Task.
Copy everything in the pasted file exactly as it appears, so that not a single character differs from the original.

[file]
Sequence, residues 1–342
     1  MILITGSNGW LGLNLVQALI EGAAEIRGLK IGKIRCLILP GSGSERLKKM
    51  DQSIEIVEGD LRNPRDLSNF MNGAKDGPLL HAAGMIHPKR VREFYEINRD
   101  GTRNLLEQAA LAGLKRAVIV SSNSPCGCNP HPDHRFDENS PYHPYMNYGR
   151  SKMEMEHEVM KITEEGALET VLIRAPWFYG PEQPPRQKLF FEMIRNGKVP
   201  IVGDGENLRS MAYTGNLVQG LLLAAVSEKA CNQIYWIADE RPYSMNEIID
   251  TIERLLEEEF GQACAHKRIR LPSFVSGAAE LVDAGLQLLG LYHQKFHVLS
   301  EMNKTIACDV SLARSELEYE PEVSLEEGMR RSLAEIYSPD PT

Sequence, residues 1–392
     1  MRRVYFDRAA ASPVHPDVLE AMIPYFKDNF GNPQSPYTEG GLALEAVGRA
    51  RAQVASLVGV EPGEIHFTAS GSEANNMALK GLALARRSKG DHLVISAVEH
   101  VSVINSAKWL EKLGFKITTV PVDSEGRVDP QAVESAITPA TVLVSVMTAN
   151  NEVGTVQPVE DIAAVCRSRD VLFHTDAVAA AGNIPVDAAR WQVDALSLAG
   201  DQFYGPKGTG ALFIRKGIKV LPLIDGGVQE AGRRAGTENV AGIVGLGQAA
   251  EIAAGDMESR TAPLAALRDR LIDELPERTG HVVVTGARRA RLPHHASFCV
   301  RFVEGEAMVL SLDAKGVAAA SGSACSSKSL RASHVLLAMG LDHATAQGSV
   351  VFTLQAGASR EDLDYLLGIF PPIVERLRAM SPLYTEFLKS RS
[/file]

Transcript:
Sequence, residues 1–342
     1  MILITGSNGW LGLNLVQALI EGAAEIRGLK IGKIRCLILP GSGSERLKKM
    51  DQSIEIVEGD LRNPRDLSNF MNGAKDGPLL HAAGMIHPKR VREFYEINRD
   101  GTRNLLEQAA LAGLKRAVIV SSNSPCGCNP HPDHRFDENS PYHPYMNYGR
   151  SKMEMEHEVM KITEEGALET VLIRAPWFYG PEQPPRQKLF FEMIRNGKVP
   201  IVGDGENLRS MAYTGNLVQG LLLAAVSEKA CNQIYWIADE RPYSMNEIID
   251  TIERLLEEEF GQACAHKRIR LPSFVSGAAE LVDAGLQLLG LYHQKFHVLS
   301  EMNKTIACDV SLARSELEYE PEVSLEEGMR RSLAEIYSPD PT

Sequence, residues 1–392
     1  MRRVYFDRAA ASPVHPDVLE AMIPYFKDNF GNPQSPYTEG GLALEAVGRA
    51  RAQVASLVGV EPGEIHFTAS GSEANNMALK GLALARRSKG DHLVISAVEH
   101  VSVINSAKWL EKLGFKITTV PVDSEGRVDP QAVESAITPA TVLVSVMTAN
   151  NEVGTVQPVE DIAAVCRSRD VLFHTDAVAA AGNIPVDAAR WQVDALSLAG
   201  DQFYGPKGTG ALFIRKGIKV LPLIDGGVQE AGRRAGTENV AGIVGLGQAA
   251  EIAAGDMESR TAPLAALRDR LIDELPERTG HVVVTGARRA RLPHHASFCV
   301  RFVEGEAMVL SLDAKGVAAA SGSACSSKSL RASHVLLAMG LDHATAQGSV
   351  VFTLQAGASR EDLDYLLGIF PPIVERLRAM SPLYTEFLKS RS